they mounted a high tower, whence they could see far and wide over the
    country. "They first saw advancing the engines of war, fit for the
    armies of Darius or Julius Caesar. 'There is Charlemagne,' said
    Didier. 'No,' said Ogier. The Lombard next saw a vast body of
    soldiers, who filled all the plain. 'Certainly Charles advances with
    that host,' said the king. 'Not yet,' replied Ogier. 'What hope for
    us,' resumed the king, 'if he brings with him a greater host than
    that?' At last Charles appeared, his head covered with an iron helmet,
    his hands with iron gloves, his breast and shoulders with a cuirass of
    iron, his left hand holding an iron lance, while his right hand
    grasped his sword. Those who went before the monarch, those who
    marched at his side, and those who followed him, all had similar arms.
    Iron covered the fields and the roads; iron points reflected the
    rays of the sun. This iron, so hard, was borne by a people whose
    hearts were harder still. The blaze of the weapons flashed terror into
    the streets of the city."
    This picture of Charlemagne in his military aspect would be
    incomplete without a corresponding one of his "mood of peace." One
    of the greatest of modern historians, M. Guizot, has compared the
    glory of Charlemagne to a brilliant meteor, rising suddenly out of the
    darkness of barbarism to disappear no less suddenly in the darkness of
    feudalism. But the light of this meteor was not extinguished, and
    reviving civilization owed much that was permanently beneficial to the
    great Emperor of the Franks. His ruling hand is seen in the
    legislation of his time, as well as in the administration of the laws.
    He encouraged learning; he upheld the clergy, who were the only
    peaceful and intellectual class, against the encroaching and turbulent
    barons; he was an affectionate father, and watched carefully over
    the education of his children, both sons and daughters. Of his
    encouragement of learning, we will give some particulars.
    He caused learned men to be brought from Italy and from other
    foreign countries, to revive the public schools of France, which had
    been prostrated by the disorders of preceding times. He recompensed
    these learned men liberally, and kept some of them near himself,
    honoring them with his friendship. Of these the most celebrated is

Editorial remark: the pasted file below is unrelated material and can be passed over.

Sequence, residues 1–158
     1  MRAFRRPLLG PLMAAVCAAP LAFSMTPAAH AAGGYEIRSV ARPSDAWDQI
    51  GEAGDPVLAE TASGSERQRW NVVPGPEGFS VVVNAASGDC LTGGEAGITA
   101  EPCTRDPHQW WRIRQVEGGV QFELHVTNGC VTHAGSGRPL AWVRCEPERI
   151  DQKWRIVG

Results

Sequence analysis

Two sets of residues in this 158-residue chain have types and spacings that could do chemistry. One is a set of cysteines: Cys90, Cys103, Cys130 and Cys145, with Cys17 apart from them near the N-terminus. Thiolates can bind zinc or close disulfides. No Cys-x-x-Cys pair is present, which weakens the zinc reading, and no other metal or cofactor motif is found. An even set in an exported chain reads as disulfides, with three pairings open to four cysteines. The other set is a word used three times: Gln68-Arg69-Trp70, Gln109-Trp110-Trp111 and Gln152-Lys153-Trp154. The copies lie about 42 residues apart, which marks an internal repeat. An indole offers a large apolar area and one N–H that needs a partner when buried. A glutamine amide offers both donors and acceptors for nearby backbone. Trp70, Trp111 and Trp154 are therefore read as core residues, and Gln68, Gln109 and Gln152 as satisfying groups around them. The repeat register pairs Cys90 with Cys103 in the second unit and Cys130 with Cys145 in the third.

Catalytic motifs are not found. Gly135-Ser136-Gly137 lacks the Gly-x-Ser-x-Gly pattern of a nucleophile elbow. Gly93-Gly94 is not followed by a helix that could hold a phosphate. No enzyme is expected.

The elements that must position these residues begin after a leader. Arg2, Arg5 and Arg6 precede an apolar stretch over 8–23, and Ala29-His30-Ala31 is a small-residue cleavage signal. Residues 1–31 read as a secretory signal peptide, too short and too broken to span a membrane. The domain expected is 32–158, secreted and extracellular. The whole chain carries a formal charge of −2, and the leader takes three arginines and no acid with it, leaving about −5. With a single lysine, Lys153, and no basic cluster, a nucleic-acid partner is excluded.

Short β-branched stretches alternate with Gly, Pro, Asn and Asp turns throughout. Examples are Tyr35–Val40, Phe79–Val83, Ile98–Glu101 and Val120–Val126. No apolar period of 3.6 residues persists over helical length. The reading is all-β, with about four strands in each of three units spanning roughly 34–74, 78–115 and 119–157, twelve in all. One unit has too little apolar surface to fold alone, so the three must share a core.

Alcuin, an Englishman, whose writings still remain, and prove him to
    have been both a learned and a wise man. With the assistance of
    Alcuin, and others like him, he founded an academy or royal school,
    which should have the direction of the studies of all the schools of
    the kingdom. Charlemagne himself was a member of this academy on equal
    terms with the rest. He attended its meetings, and fulfilled all the
    duties of an academician. Each member took the name of some famous man
    of antiquity. Alcuin called himself Horace, another took the name of
    Augustin, a third of Pindar. Charlemagne, who knew the Psalms by
    heart, and who had an ambition to be, according to his conception, a
    king after God's own heart, received from his brother academicians the
    name of David.
    Of the respect entertained for him by foreign nations an interesting
    proof is afforded in the embassy sent to him by the Caliph of the
    Arabians, the celebrated Haroun al Raschid, a prince in character
    and conduct not unlike to Charlemagne. The ambassadors brought with
    them, besides other rich presents, a clock, the first that was seen in
    Europe, which excited universal admiration. It had the form of a
    twelve-sided edifice with twelve doors. These doors formed niches,
    in each of which was a little statue representing one of the hours. At
    the striking of the hour the doors, one for each stroke, were seen
    to open, and from the doors to issue as many of the little statues,
    which, following one another, marched gravely round the tower. The
    motion of the clock was caused by water, and the striking was effected
    by balls of brass equal to the number of the hours, which fell upon
    a cymbal of the same metal, the number falling being determined by the
    discharge of the water, which, as it sunk in the vessel, allowed their
    Charlemagne was succeeded by his son Louis, a well-intentioned but
    feeble prince, in whose reign the fabric reared by Charles began
    rapidly to crumble. Louis was followed successively by two
    Charleses, incapable princes, whose weak and often tyrannical
    conduct is no doubt the source of incidents of that character ascribed
    in the romances to Charlemagne.
    The lawless and disobedient deportment of Charles's paladins,
    instances of which are so frequent in the romantic legends, was also a
    trait of the declining empire, but not of that of Charlemagne.